Ron Howard and Moby-Dick? Now that clash of populist cinema and classic literature had me looking forward immensely to this film, and I wasn't disappointed.

Moby-Dick is regarded as one of literature's greatest works, but it's a hefty tome both in volume and density of prose and wouldn't be to everyone's taste. Ron Howard, on the other hand, knows how to make a film hit a giant audience.

In the Heart of the Sea is based on Nathaniel Philbrick's 2000 non-fiction book of the same name, about the sinking of the American whaling ship Essex in 1820, a tale that inspired Herman Melville to write Moby-Dick.

The story begins rather sedately with Ben Whishaw's Herman Melville calling on Thomas Nickerson, played by Brendan Gleeson, who recounts the ultimately grim maiden voyage of the Essex to Melville.

In extended flashbacks, the story unfolds of Owen Chase (Chris Hemsworth), a vastly experienced First Mate who grudgingly serves under Benjamin Walker's rookie Captain George Pollard, Jr, in order to secure his own captaincy next time around. Cillian Murphy plays second officer Matthew Joy, a loyal assistant of Chase's, while the young cabin boy Thomas Nickerson is portrayed by Tom Holland.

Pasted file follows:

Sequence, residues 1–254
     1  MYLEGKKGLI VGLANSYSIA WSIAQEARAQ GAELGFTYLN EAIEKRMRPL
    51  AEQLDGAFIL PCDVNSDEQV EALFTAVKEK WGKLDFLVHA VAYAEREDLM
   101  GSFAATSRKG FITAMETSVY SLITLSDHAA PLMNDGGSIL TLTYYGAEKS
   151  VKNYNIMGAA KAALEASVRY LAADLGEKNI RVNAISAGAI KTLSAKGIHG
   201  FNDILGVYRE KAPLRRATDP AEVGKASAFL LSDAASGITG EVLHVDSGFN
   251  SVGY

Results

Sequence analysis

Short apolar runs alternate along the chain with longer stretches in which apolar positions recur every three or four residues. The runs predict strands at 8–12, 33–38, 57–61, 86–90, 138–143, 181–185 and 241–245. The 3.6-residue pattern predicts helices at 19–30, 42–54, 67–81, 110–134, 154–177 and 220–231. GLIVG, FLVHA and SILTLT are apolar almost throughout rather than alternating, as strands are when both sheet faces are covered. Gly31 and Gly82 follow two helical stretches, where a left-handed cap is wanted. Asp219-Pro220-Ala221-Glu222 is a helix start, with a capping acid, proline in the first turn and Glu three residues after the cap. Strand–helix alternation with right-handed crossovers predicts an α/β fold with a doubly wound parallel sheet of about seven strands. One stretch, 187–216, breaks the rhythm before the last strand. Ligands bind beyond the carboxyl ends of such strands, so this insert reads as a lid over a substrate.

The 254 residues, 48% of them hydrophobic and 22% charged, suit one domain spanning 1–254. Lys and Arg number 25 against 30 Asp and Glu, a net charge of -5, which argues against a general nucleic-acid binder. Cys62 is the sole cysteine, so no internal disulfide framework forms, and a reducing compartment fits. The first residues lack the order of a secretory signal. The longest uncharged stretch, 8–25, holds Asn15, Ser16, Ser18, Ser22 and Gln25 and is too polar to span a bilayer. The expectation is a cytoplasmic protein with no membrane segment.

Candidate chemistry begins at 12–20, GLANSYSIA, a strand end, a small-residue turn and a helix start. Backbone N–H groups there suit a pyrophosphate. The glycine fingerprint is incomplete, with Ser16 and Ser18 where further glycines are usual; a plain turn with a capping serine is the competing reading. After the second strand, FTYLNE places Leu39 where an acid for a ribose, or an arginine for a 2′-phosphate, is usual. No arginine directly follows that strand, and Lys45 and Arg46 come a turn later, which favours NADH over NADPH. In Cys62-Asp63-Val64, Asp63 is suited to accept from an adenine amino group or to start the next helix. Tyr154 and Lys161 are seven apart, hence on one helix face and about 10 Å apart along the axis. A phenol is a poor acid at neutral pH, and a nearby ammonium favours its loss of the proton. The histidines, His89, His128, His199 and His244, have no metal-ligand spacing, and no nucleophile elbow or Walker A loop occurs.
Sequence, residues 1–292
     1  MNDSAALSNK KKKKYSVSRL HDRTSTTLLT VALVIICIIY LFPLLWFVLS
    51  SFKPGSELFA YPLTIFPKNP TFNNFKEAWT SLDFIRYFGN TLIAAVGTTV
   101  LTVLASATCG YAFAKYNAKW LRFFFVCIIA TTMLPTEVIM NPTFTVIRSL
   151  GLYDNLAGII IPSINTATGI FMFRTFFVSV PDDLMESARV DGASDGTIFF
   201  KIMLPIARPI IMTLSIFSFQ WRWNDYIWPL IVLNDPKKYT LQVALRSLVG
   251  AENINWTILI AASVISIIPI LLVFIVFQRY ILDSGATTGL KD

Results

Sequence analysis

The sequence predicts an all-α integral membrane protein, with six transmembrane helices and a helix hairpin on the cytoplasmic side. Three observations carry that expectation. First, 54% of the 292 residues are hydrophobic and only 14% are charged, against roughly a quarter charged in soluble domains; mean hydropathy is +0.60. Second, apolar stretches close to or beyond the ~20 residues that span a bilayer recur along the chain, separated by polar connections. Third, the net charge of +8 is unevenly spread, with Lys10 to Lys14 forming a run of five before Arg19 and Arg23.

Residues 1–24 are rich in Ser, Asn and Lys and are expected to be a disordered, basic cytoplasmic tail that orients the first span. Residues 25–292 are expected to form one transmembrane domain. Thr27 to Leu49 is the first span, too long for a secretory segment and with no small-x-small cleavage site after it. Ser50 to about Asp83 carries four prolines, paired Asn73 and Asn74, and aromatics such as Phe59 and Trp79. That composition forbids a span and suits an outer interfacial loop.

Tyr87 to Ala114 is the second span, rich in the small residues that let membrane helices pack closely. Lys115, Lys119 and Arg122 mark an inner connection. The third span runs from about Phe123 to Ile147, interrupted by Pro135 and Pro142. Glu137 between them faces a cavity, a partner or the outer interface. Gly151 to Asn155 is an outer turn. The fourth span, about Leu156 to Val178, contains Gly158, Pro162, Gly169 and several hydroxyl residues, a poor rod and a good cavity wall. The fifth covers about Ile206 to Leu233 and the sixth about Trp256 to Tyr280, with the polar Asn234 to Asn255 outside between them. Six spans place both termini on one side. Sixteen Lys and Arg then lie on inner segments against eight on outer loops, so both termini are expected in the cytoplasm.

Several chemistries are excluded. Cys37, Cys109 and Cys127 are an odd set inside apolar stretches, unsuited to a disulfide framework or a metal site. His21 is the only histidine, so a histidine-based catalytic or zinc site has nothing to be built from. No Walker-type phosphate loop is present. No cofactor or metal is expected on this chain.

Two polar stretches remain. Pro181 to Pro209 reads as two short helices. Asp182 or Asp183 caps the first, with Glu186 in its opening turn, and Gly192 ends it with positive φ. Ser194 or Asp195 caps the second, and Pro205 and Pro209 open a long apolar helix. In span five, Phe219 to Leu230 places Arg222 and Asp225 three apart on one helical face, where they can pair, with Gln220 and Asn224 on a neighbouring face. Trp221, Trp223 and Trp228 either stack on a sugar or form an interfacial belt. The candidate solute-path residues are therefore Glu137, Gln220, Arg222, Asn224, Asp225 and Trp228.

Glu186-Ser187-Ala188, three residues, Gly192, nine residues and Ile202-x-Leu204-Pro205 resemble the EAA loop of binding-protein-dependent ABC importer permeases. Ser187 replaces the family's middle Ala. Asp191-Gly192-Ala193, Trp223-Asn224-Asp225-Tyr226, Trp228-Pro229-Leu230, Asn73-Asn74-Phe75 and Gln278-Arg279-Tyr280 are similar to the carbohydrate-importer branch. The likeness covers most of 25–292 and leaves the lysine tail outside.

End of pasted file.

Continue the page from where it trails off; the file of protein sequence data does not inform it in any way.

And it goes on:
There's an instant stand-off between the capable Chase and incompetent, arrogant Pollard, but that's nothing compared to the battle between man and beast as the ship faces a massive sperm whale, leaving the crew shipwrecked and more than a thousand miles from land.

The special effects are truly spectacular, while the latter crew's ordeal in the sea is torturously realistic, making In the Heart of the Sea a hugely enjoyable, epic adventure. Certainly, I'll never complain again about Dublin traffic after seeing what these characters had to endure.

Rumour has it that the film's release was delayed in order to be closer to Academy Award nomination time, and it's understandable. Apologies for the fishing analogy, but this is Oscar bait par excellence.

John Byrne